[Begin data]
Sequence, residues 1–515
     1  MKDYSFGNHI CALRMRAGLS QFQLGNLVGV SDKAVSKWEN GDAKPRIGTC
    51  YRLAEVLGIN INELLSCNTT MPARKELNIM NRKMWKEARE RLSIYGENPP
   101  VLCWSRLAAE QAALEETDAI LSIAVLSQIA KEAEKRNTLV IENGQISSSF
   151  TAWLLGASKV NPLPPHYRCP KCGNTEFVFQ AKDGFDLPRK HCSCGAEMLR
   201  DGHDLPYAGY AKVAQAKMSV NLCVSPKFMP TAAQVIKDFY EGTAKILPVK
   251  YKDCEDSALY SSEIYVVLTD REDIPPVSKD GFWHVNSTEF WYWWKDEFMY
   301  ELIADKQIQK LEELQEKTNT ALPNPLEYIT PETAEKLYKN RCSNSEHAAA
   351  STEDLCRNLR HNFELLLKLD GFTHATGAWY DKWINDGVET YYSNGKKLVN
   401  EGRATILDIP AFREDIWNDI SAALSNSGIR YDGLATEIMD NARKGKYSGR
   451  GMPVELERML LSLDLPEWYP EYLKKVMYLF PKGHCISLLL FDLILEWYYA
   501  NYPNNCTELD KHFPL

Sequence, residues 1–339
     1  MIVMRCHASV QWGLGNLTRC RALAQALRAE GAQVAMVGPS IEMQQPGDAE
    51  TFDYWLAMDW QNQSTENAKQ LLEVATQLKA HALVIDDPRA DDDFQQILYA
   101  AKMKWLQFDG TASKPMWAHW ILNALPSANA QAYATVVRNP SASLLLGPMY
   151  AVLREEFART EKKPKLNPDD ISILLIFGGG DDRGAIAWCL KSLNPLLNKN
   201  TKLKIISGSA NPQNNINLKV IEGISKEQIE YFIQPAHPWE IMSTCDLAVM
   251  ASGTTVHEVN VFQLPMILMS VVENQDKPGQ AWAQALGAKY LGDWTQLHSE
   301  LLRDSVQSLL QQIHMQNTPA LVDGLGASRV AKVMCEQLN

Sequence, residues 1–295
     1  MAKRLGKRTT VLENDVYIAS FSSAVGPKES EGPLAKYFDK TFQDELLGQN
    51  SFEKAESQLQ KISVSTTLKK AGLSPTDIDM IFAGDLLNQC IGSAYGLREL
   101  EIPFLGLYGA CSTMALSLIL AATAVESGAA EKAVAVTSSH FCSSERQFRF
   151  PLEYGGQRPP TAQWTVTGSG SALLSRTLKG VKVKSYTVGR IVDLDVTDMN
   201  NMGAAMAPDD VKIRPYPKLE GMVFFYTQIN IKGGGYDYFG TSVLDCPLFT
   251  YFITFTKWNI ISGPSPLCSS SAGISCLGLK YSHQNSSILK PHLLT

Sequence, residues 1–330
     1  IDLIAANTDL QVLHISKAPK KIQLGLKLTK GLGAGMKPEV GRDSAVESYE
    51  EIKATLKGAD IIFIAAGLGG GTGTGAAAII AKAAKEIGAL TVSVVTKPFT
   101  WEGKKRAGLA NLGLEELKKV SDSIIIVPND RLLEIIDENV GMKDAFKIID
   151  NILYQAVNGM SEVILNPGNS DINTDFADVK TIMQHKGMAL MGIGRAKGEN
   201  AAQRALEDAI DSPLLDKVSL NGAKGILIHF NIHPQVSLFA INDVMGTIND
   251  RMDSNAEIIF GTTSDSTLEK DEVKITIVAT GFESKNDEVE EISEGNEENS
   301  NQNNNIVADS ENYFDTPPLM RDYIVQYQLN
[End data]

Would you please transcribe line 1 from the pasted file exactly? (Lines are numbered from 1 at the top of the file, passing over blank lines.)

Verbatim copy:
Sequence, residues 1–515